Bisphenol A (BPA) and chemicals with structural or functional similarity, or BPA structural analogues (NTP 2017), are used to manufacture polycarbonate plastics, epoxy resins and other products. The plastics are used in many consumer products, such as drink bottles, DVDs, eyeglass lenses, electronics, car parts, and other products that must not break easily. Epoxy resins are used for lining food cans and water pipes, and for many sales receipts. Most recent testing in animal models and epidemiological studies in humans have shown that early life BPA exposure adversely effect neurological function and development, as well as adversely affect male sex organs (such as the prostate gland) in fetuses, infants, and small children (Inadera 2015). Most health organizations advise against the use of BPA for baby bottles and related infant products. BPA has also been found in breast milk demonstrating that this chemical has the potential to expose infant populations. BPA structural analogues such as Bisphenol S (BPS) are often less legally restricted and considered a “regrettable substitution” for BPA and pose many of the same risks as BPA.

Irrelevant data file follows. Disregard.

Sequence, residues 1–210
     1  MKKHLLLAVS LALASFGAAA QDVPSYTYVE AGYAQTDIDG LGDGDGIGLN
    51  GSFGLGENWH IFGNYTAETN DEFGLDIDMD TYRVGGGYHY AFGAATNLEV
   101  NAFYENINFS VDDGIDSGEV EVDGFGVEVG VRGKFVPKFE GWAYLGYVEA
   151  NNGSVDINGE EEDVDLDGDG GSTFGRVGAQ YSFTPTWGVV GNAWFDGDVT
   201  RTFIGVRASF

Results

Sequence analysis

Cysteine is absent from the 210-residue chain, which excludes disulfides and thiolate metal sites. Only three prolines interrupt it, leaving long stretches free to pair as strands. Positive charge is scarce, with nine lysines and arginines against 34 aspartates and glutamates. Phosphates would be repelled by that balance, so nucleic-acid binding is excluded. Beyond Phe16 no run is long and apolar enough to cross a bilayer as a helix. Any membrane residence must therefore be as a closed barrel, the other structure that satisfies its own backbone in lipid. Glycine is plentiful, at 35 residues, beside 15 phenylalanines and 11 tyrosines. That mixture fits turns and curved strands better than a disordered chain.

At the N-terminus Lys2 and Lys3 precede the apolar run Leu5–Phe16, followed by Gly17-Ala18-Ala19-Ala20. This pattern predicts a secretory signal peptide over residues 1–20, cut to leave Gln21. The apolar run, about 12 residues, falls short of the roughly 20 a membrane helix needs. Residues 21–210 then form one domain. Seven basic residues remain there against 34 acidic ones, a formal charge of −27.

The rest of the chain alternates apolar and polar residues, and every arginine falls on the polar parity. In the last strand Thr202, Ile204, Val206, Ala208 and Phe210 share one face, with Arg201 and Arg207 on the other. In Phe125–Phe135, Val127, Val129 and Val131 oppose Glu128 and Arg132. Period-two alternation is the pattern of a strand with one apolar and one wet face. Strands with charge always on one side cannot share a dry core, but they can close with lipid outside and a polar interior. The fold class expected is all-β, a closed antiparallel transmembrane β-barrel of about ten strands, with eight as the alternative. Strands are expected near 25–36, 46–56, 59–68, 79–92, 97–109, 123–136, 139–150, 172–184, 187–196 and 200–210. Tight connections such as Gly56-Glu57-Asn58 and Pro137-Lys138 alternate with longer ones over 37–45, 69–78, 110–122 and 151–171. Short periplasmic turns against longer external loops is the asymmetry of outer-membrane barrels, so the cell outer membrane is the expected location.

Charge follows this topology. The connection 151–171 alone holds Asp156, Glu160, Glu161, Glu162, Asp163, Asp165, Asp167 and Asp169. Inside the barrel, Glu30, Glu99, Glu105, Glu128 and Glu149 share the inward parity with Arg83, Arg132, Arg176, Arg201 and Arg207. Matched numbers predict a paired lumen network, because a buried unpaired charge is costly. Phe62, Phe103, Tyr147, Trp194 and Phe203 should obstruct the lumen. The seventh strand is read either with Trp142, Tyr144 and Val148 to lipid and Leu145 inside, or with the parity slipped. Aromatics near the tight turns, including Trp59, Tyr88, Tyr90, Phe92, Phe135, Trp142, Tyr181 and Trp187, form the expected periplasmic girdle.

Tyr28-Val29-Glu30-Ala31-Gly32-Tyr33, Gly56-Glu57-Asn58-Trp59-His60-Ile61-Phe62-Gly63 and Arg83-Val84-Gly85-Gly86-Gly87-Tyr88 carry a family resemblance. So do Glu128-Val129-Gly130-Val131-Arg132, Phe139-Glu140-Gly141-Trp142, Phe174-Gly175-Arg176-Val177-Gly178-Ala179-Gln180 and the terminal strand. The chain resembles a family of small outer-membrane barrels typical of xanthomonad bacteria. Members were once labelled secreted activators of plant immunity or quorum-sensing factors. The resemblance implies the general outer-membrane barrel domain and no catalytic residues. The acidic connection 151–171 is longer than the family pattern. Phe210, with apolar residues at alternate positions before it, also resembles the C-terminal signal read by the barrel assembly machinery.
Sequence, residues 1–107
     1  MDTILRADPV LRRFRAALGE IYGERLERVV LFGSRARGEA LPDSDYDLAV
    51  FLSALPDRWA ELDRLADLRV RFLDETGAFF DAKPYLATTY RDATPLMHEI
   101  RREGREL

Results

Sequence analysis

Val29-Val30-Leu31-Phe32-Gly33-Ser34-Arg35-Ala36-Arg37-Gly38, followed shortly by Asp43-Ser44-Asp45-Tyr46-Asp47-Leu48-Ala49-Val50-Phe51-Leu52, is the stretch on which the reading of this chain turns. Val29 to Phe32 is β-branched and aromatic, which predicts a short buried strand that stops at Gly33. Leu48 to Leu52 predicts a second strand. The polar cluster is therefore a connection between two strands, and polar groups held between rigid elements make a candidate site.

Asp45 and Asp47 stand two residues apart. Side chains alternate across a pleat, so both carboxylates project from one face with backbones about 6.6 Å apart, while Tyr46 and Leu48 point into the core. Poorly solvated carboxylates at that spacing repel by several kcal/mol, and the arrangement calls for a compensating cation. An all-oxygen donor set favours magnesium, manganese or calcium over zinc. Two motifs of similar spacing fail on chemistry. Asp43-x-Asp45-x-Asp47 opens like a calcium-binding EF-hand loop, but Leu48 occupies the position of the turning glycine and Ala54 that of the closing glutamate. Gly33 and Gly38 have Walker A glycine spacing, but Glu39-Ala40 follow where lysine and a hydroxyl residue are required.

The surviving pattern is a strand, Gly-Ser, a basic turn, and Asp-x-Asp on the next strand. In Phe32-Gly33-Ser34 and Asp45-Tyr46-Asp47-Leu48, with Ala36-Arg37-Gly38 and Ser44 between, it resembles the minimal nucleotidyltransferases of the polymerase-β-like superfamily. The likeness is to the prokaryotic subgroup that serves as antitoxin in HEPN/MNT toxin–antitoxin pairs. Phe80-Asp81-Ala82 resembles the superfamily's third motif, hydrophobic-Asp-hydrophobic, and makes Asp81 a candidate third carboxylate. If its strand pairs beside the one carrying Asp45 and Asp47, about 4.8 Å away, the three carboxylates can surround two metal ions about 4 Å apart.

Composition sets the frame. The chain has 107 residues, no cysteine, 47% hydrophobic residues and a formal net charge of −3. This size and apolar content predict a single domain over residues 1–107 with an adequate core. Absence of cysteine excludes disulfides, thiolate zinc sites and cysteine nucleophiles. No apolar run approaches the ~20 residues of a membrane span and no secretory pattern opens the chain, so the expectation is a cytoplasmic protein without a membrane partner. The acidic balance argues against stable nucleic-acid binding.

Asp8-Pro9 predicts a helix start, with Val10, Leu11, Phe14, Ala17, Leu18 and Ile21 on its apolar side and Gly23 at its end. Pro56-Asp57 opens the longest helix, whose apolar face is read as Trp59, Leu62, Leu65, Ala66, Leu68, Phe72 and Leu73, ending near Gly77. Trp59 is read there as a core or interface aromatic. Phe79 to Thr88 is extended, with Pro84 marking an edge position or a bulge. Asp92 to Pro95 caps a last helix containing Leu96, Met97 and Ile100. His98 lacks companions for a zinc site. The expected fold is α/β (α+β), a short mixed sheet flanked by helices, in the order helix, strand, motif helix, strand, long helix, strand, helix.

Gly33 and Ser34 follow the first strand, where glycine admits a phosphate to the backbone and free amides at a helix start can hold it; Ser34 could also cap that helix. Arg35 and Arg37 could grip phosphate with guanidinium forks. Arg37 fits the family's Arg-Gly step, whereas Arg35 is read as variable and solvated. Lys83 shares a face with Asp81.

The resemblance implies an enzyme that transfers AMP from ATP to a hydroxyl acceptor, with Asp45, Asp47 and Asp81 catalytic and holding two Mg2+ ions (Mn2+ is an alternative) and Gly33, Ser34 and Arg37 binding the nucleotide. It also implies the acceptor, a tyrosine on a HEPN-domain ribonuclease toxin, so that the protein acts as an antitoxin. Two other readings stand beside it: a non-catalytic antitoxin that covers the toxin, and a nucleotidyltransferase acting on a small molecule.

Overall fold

California-banned solvents herein refer to the volatile organic compounds (VOCs) designated as Group II Exempt Compounds by South Coast Air Quality Management District (South Coast AQMD) Rule 102. This designation results from the US EPA’s use of the criterion of smog formation (defined as an organic compound’s contribution to the formation of ground-level ozone) to inform the regulatory definition of a VOC. As a result, US federal air quality regulations focus on VOCs that increase ground-level ozone concentrations, and exempt (meaning exclude) compounds with negligible reactivity. The basis of this determination is the ground-level ozone forming potential of ethane. Rules promulgated by South Coast AQMD (including Rule 1113 – Architectural Coatings, Rule 1143 – Consumer Paint Thinners and Multi-Purpose Solvents, and Rule 1168 – Adhesive and Sealant Applications) therefore serve as gap-filling measures, limiting exempt compounds’ product concentration and content by regulation when they are not regulated by the EPA. Additionally following these Rules that limit the percentage by weight of these exempt compounds in their respective product types, cyclic, branched, or linear, volatile completely methylated siloxanes (VMS) are not subject to the percentage by weight limit and are not included in the LBC Red List. Though the South Coast AQMD is an authority having jurisdiction (AHJ) overseeing specific sectors of the California building products market, its restrictions on VOCs are considered industry exemplars and have influenced a significant proportion of these product industries to conform to its standards.